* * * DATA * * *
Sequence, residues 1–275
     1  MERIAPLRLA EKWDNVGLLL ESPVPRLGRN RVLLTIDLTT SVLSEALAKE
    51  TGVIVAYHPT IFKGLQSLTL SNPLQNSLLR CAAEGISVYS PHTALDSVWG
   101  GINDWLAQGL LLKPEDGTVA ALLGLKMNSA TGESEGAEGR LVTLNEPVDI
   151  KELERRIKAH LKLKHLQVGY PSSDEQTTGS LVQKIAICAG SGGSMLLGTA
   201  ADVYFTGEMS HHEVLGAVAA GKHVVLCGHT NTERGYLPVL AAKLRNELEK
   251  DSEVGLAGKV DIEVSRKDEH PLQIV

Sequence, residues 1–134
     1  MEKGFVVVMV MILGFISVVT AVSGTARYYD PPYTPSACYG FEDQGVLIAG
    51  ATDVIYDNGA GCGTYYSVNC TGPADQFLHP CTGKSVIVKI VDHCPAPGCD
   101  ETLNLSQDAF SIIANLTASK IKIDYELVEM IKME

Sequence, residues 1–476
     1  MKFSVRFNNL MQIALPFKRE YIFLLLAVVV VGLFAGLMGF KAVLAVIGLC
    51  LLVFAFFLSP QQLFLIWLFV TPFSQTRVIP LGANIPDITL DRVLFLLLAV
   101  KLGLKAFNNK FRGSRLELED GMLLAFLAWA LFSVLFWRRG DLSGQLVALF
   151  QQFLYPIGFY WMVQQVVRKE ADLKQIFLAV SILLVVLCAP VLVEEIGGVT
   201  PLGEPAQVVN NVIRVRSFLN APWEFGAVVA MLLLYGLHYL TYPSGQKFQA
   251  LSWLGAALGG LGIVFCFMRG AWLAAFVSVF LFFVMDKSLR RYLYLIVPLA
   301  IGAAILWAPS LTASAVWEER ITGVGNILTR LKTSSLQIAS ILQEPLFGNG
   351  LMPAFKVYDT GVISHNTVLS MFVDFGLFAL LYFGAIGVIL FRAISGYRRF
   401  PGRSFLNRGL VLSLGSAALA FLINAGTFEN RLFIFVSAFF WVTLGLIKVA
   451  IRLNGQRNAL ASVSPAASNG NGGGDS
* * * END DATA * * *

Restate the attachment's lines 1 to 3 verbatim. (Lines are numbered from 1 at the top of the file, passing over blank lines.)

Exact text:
Sequence, residues 1–275
     1  MERIAPLRLA EKWDNVGLLL ESPVPRLGRN RVLLTIDLTT SVLSEALAKE
    51  TGVIVAYHPT IFKGLQSLTL SNPLQNSLLR CAAEGISVYS PHTALDSVWG